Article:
Professor Fodorski's sudden rise to fame has been noticed by Henderson, the owner of an advertising company called Exploiters Unlimited. Henderson plots to exploit the professor, make lots of money, then get him deported. Back on campus, the big hero at the Homecoming Ball is Ed "Bricker-the-Kicker", who accepts an award for his game-winning kick, claiming that "I Couldn't Have Done It Alone." Outside the ball, Fodorski proposes to the Dean, who happily accepts ("If I Were You"). Suddenly, Henderson appears with a different kind of proposal, to form a Fodorski Foundation, and after a little persuasion, the professor agrees ("Have a Dream").
The football team has been winning game after game, and they are soon heading for the Cotton Bowl. As their successes continue, Fodorski's name is being used to endorse hundreds of products, and his face is on the cover of many magazines ("I'm Fascinating"). Ed Bricker's ego has also grown with each win, and he has given up interest in engineering in favor of professional football.
Ed has also lost interest in Susan, who pleads for help from the Dean. Feeling ignored by Fodorski, the Dean shows up in Ed's dormitory with martinis and dressed seductively, planning to get him disqualified from the football team ("The Real Me"). Dr. Snoops arrives with the school president, who fires the Dean. Hearing the news, Fodorski is shocked, and realizes he needs to make things right ("Which Way?"). He benches Ed so the school will lose the Cotton Bowl, thwarting Ed's hopes for a football career, and ruining Henderson as the Fodorski Foundation collapses. The two pairs of lovers reconcile, and with the dream of a football championship gone, the students go back to their studies, and Fodorski receives a letter granting his application for citizenship ("Finale").
The Broadway production, directed by Logan and choreographed by Danny Daniels, opened on March 19, 1962 at the Winter Garden Theatre, where it ran for 80 performances. In addition to Bolger, the cast included Ron Husmann, Anita Gillette (Susan), Fritz Weaver, and Eileen Herlie. Bolger had not appeared on the stage in a decade, during which his appeal with audiences had declined. He tried to start a sing-along to "What a Country!" (which worked during "Once in Love with Amy" in the 1948 musical Where's Charley?, his biggest Broadway success), but audiences failed to join in.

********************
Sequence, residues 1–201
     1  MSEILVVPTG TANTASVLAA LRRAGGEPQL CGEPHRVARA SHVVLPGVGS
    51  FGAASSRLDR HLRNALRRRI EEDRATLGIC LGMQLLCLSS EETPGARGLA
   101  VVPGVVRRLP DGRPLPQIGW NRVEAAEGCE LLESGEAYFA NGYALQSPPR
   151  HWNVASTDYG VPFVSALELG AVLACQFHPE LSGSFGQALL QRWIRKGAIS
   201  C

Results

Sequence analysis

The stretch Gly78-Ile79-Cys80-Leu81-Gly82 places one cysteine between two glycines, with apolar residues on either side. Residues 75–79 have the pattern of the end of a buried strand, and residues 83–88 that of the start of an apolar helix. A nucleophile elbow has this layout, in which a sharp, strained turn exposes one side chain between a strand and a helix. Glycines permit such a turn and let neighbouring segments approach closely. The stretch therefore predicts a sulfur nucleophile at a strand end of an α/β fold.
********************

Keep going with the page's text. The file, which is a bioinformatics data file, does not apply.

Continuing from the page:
Reviews were mixed, though mostly unfavorable. Howard Taubman wrote in The New York Times that the main problem with the show "is that it's not sure whether it means to be sentimental, satirical or simply rowdy, and it ends by being dreary." Walter Kerr in the Herald Tribune said, "Mr. Bolger is never fascinating until he stands right up and tells you he is," and went on to praise Bolger's dance technique in the number "I'm Fascinating".
An original cast album was released by Columbia Masterworks Records. The songs "Animal Attraction", "I Can Teach Them!", "I've Just Seen Him", and several reprises were not included. A CD re-issue was released by Sony Broadway in 1992 and contains a 42-page booklet of liner notes, including a plot synopsis.
In 2006, Harbinger Records released a CD entitled All American Live Backers Audition, a recording of a session for potential financial investors featuring Adams and Strouse performing their score, including songs cut prior to opening night, with Adams providing a running commentary between the numbers.
- Mandelbaum (1991), p. 56
- Deutsch, Didier. Liner Notes to All American, original cast recording (1962), re-released on CD by Sony Records (1992)
- All American at the Internet Broadway Database List of Songs, All American, IBDB, retrieved June 15, 2015
- Suskin (1990), pp. 36–37
- "All American Broadway", Playbillvault.com, accessed August 25, 2015
- Suskin, Steven. "On the Record: Dream True and An All American Backer’s Audition", Playbill, July 23, 2006, accessed June 23, 2015
- Mandelbaum, Ken. Not Since Carrie: Forty Years of Broadway Musical Flops, St. Martin's Press (1991) ISBN 0-312-06428-4
- Suskin, Steven. "Opening Night on Broadway", Schirmer Books (1990) ISBN 0-02-872625-1